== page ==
Nos é dito nos dias de hoje, como a Violência Doméstica do marido praticada contra sua esposa é algo antigo e que fazia parte da cultura [machista] que permitia e tolerava esses casos em silêncio, achando que era algo correto e normal, uma cultura de aceitação da violência contra a mulher.
Este post contém recortes de jornais, cartazes e cartões-postais do ano de 1850 a 1950, uma época considerada “totalmente machista e patriarcal, onde as mulheres sofriam todos os tipos de opressão até a criação do feminismo” – que surgiu oficialmente na década de 60. As imagens respondem nossa pergunta:
A sociedade ocidental alguma vez considerou a violência doméstica contra a mulher algo aceitável?
Every day, we in the United States are told that before the rise of the domestic violence industry in the 1980s, domestic violence against women was largely ignored by police and the courts and was regarded as acceptable behavior by society.
Here are some clippings from newspapers which can assist us in verifying the truthfulness of such claims.” – Unknown Misandry
B. G. Jefferis, Light on Dark Corners: A Complete Sexual Science (Toronto: J. L. Nichols, 1895), p. 181
“Worthy Of The Post. – Brutes in Human Form Who Beat Their Better Halves in Pits of Anger. – Under the Mild Punishment Meted Out in Modern Times the Crime is Increasing. – Several of This Class That Have Figured In the St. Paul Courts. – Habitual Wife-Beaters – Drunkenness and Cruelty -The Wreckers of Homes.” Sunday Globe (St. Paul, Mn.), Aug. 30, 1885, p. 13
“Whipping Posts In The East – Commodore Gerry’s Society Is Advocating Them. – Views of Humanitarians. – Why They Think the Pillory and Stocks Are Destined to Become Familiar Objects Throughout the Republic – The Gerry Bill the Beginning of a National Crusade – Consign Punishment.” syndicated, The Daily Tribune (Salt Lake City (Ut.), Mar. 3, 1895, p. 14
Sarah Comstock, “Shall We Have a Whipping Post?” San Francisco Call (Ca.), Aug. 11, 1901, Magazine Section, p. 2
“An Almost Sure Cure For Wife Beaters Can Be Seen Daily Doing Its Good Work On Rikers Island – Learning to Be Gentle. – Men Who Abuse Their Wives Now Punished as They Deserve.” New York Tribune Illustrated Supplement (N.Y.), Apr. 12, 1903, p. 4
“Capital Needs Whipping Post – Ministers and Local Authorities Heartily Favor It – Penalty For Wife-Beaters – President Roosevelt’s Suggestion in Message Touching District Affairs – Meets with Warm Approval.” The Washington Post (D.C.), Dec. 25, 1904, p. 4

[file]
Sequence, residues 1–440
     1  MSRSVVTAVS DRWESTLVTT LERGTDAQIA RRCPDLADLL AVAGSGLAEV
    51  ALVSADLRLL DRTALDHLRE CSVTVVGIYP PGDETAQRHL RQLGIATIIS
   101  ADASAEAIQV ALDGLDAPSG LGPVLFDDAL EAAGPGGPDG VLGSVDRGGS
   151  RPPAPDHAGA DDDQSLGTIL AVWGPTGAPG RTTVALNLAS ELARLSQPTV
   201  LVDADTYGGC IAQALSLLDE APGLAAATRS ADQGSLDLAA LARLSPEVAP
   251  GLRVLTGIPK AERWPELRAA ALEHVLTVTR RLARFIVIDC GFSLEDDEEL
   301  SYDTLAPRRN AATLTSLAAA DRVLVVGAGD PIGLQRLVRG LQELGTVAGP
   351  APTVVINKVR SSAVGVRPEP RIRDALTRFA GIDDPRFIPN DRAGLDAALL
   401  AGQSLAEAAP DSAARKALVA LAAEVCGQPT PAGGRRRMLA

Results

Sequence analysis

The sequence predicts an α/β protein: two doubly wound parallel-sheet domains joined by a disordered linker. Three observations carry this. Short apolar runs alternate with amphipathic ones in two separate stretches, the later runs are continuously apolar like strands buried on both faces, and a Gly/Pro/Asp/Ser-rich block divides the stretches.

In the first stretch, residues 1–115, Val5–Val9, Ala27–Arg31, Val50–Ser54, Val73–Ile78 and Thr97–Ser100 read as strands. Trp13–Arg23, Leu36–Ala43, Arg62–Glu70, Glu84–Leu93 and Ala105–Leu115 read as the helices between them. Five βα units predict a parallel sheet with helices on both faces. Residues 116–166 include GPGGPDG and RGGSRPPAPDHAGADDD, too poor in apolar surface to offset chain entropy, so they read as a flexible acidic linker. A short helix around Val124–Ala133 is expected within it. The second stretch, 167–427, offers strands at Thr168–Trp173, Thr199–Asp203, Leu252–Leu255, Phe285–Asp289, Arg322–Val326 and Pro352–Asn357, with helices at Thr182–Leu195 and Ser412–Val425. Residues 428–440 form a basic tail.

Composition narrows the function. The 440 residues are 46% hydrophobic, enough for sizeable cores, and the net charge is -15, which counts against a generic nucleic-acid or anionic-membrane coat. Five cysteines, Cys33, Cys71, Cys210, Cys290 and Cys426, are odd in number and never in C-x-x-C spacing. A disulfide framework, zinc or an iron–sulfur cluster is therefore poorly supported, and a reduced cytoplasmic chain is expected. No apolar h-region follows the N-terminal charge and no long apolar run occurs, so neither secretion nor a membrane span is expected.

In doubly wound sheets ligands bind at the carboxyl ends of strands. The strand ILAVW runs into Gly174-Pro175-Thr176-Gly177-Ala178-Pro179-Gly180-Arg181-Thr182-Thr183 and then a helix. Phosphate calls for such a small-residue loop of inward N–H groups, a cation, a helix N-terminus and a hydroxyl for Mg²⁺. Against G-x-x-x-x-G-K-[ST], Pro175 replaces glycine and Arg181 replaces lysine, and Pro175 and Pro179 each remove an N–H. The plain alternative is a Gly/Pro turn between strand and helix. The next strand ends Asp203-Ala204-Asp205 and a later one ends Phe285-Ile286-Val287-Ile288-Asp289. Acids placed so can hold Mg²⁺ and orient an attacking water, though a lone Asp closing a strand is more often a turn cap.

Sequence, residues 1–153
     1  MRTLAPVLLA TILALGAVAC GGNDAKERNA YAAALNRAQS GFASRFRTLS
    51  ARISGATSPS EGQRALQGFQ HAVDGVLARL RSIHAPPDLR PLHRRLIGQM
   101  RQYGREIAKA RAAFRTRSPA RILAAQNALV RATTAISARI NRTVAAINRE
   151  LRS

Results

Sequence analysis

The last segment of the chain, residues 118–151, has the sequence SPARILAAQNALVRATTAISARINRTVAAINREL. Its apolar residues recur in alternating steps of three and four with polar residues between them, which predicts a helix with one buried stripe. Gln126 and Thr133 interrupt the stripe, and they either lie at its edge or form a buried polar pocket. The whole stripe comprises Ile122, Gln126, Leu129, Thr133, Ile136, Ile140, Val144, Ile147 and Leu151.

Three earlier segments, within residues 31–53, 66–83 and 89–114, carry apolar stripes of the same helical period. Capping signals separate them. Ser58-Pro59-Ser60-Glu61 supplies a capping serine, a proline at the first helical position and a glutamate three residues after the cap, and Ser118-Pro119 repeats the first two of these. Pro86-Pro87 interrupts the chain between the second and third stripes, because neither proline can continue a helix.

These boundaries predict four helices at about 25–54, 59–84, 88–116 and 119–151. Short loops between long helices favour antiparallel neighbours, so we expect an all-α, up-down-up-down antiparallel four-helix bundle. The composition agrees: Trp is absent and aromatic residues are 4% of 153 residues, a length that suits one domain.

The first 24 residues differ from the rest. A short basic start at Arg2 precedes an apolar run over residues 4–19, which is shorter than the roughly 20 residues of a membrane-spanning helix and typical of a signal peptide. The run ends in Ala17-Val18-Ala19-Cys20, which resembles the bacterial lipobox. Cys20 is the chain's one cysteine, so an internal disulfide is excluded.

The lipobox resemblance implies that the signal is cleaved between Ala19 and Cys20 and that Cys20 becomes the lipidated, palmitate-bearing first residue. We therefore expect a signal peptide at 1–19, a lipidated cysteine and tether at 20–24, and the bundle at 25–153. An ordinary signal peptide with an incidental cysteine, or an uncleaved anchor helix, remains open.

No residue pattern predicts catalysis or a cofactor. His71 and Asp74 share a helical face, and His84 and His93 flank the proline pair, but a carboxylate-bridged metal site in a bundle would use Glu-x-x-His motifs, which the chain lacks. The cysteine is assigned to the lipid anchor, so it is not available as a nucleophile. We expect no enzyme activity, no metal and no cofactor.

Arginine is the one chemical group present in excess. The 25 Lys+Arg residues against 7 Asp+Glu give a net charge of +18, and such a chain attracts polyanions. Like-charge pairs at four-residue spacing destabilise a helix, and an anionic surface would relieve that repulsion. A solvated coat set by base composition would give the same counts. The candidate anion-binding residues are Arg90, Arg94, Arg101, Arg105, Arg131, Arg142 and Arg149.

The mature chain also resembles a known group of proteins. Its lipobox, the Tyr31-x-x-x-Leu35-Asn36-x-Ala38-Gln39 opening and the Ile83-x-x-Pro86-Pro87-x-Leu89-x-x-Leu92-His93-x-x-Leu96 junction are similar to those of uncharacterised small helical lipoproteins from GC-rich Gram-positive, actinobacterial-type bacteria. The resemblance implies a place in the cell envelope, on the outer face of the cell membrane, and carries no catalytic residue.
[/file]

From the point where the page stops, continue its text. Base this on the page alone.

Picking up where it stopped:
“Wants To Revive Whipping-Post – Southington, Conn., Selectman Wants New Law. – To Punish Wife-Beaters – He Says He Has Received Assurances of Support for Legislation – He Will Ask For from Next Legislature.” The Richmond Planet (Va.), Jan. 7, 1905, p. 2
The convention voted down by a large majority President Roosevelt’s recommendation of the whipping-post for wife-beaters.
Stevens Point Daily Journal (Wi.), Apr. 20, 1905, p. 3
“Chain Gang For Rich Wife Beater. – With Ankles Shackled andCarrying a Pick. – Prominent Decatur Business Man Forced to Work With Convictsfor Assaulting His Wife.” St. John Daily Sun (New Brunswick, Canada), Jan. 27,1906, p. 10
“Wife Beating Now Decreasing – In Oregon Because of the “Whipping Post” Law. – Since Establishment of Law Only Two Men Have Been Whipped – Ninety Per Cent Decrease. – Despite Good Law Has Done, Some in the State Want Law Repealed.” Logansport Daily Reporter (In.), Jan. 10, 1907, p. 5
Ethel Lloyd Patterson, “Magistrate Lazarus Believes In Whipping for Wife-Beaters – More Efficacious Than Imprisonment Where Brute Strength Is the Only Superior Force Recognized. – Spanking Is Good For Some Children. – Magistrate Doesn’t Paddle His Own, but His Wife Does It for Him When Necessary.” The Evening World (N.Y.), Oct. 7, 1908, p. 3
Selene Armstrong, “Women Oppose Return to the Whipping Post – Shocked at the Mode of Punishment for Wife-Beaters. – Says Cruelty Never Improved A Man – Well-Known Women of District Express Their Views on the Subject. – Wife of Victim Tells Lashing Given Her of Husband. – Declares Stain Is Everlasting – Her Children, She Says, “Will Be Pointed Out by Others.” The Washington Times (D.C.), Mar. 11, 1911, p. 6
“Faints Under Lash. – Wife Beater Whipped at Post in Portland, Ore. – With A Cat O’ Nine Tails. – Deputy Sheriff Wields Weapon Lustily in Brutal Husband’s Bared Back Until Victim’s Howls Are Heard Throughout the Jail.” Warren Mirror (Pa.), Sep. 6, 1911, p. 6
“Where A Man Turns Feminist; An Old Kentish Method Of Punishing A Wife-Beater, The Graphic (London, England), Aug. 9, 1913, p. 275
“A Public Square Pillory for Criminals in 1916 – How Kansas Has Revived This Ancient Punishment to Curb the Epidemic of Wife-Beating and How the Figure Shed a New Light on the Strange Psychology of Woman-Thrashing All Over the World,” The Salt Lake Tribune (Ut.), magazine section, Aug. 6, 1916, p. 2
“Family Rows – The Police Magistrates’ Greatest Problems.” The Burlington Hawk-Eye (Io.), Nov. 23, 1919, sec. 2, p. 1
“Whipping Post For Wife Beaters,” The Herald (Algiers, La.), Sep. 29, 1921, p. 1
“Husband Beater Gets No Mercy,” The Brainerd Daily Dispatch (Mn.), Jan. 18, 1940, p. 4
“Wife Beater Lashed by County Sheriff – 30 [sic] Strokes Administered to Nude Prisoner for Attacking Spouse,” The Morning Herald (Hagerstown, Md,), Oct. 20, 1945, p. 1; & “Gets 10 Lashes For Beating Wife,” Altoona Mirror (Oh.), Oct. 22, 1945, p. 13